Use Way back Machine
Suppose you are unable to access following page on BBC’s official website:
You can make use of Way back machine for accessing the content of above page! All you need to do is to head over to this page >> enter the above URL and click on browse history button: The immediate next page will show you how many times the service has taken the snapshot of entered URL’s webpage and on which calendar date?: Hover on a circled date on the calendar and you will see total number of snapshots the service has taken on that particular date:
Click on any snapshot’s time link or on the date itself, and you will be able to access http://www.bbc.co.uk/news/world-asia-25989262 on a sub-domain of archive.org:
If the service don’t have a snapshot of a particular webpage, then you will see following message in your browser:
You can always click on Save this URL in the Way back Machine and the service will try to capture the snapshot in real time:
If it’s successful, then you will get the access URL for the webpage:
However, the above method has following limitations:
- You may face problems with dynamic webpages, while static ones can be cached easily.
- You can’t access webpages which requires you to login first.
- Snapshots may appear broken or may contain lots of missing web elements.
- Functionalities like logging in, uploading, downloading etc. won’t work at all.
- If a webmaster has blocked archive.org_bot from crawling his site, then no matter what, you won’t be able to see/generate snapshots.
- The information present in the snapshots might be outdated. Updated snapshots will only be added when archive.org_bot visits a particular webpage again.
Create your own Proxy Website
There are thousands of free as well as paid proxy servers available on the internet, but if you are concerned about your privacy (browsing activity and tracks) then you can create your own proxy site using WordPress. By creating your own proxy site, everything will be under your control and your tracks will remain hidden from third party proxy sites and services.
How to create a proxy site?
If you have a self-hosted installation of WordPress, then you are required to install RePress plugin for it. The plugin allows you to setup your own proxy server in less than 5 minutes! Follow these steps in order to do so:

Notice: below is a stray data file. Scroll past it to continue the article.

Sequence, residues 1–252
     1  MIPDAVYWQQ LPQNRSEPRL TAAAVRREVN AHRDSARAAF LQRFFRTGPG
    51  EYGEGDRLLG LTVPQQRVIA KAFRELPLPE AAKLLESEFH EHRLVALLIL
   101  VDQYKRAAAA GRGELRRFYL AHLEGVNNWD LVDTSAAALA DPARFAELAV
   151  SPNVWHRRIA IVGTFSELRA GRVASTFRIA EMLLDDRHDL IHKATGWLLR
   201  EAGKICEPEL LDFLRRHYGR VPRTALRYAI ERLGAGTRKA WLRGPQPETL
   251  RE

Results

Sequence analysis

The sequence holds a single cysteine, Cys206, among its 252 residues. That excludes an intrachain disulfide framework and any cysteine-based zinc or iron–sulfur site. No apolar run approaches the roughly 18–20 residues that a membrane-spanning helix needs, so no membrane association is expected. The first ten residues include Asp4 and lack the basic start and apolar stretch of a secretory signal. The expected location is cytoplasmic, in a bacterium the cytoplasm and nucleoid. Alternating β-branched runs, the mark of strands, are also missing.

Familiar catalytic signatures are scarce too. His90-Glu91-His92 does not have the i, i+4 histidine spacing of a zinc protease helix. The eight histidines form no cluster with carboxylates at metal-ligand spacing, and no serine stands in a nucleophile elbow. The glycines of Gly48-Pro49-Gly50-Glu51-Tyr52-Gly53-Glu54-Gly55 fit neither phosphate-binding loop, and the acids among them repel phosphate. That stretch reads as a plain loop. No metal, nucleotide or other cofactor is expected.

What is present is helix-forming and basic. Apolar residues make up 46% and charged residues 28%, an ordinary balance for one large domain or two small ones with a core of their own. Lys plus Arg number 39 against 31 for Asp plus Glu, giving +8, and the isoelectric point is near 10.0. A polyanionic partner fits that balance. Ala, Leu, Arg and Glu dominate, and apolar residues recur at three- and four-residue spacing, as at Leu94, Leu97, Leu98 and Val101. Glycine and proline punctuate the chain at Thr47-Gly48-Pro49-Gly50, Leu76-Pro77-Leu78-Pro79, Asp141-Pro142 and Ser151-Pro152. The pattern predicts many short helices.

1. Go to WordPress’s Permalink Settings and select any URL structure except Default:
Once you have selected your preferred structure, click on Save Changes Button at the bottom of the page.
2. Now go to Settings >> RePress and select your RePress’s permalink by manually entering or randomizing it:
Once selected, click on the Update button.
Note: The default permalink of the plugin is /repress without any leading slash, which is completely optional.
3. Under Uncensored Domains, enter all the domains that you want to access using your site:
Note: You are only required to type the host name, without HTTP. You can include www. 4. Leave Push POST variables, Allow Cookies and Obfuscate URLs under Advanced Options to their default values. Once everything is set, click on the Save Button and your proxy server is now ready to use. Example: Suppose your blog URL is http://abc.com/, then you can access any censored website using http://abc.com/repress/facebook.com:
1. The plugin is based on PHProxyImproved, which allows any webmaster to setup their own proxy server. Search engine bots may not crawl or index the proxy URLs generated by the plugin, but you should add Disallow: /repress/ or Disallow: /<RePress Permalink>/ in your site’s robots.txt file.
2. In order to protect your blog from cross-site scripting (XSS) attacks, you are required to log out of your dashboard before accessing any proxy URL. For security and privacy reasons, the plugin will also delete all cookies for your domain.
3. The plugin is currently an alpha release and it’s suggested not to use it for accessing sites which hosts your important data like Dropbox etc. Also, only access those sites which you fully trust.
Use Google’s Data Compression Proxy
Data compression proxy allows your computer or mobile device to directly connect with an optimization server running in one of the data centre of Google. This server first downloads all your requested webpages onto its hard drive and then optimizes them using Page speed libraries. Once a webpage has been fully optimised, it is now sent to your computer or mobile device. As you can see in above image, your computer or mobile device is downloading the web page from Google’s proxy server, instead of the original web server of a domain. This means that you can access any blocked website using data compression proxy. Check out this video to see the compression proxy in action on Chrome. Important Notes:
- The compression proxy will never work for encrypted HTTPS requests. By default it is programmed to bypass such type of requests. This means that you can’t open any blocked site over HTTPS using compression proxy.
- If you are currently using incognito mode in your web browser, then the proxy server will be bypassed.
- All DNS lookups are performed by the proxy server only.
- The proxy server compresses images into WebP format and because of this you may download lots of unreadable images onto your computer’s hard drive. If you are browsing a blocked website specifically for downloading images, then try not to use this method for unblocking it!
- Data compression proxy won’t work if your ISP or network administrator has blocked Google’s compression proxy server/IP addresses.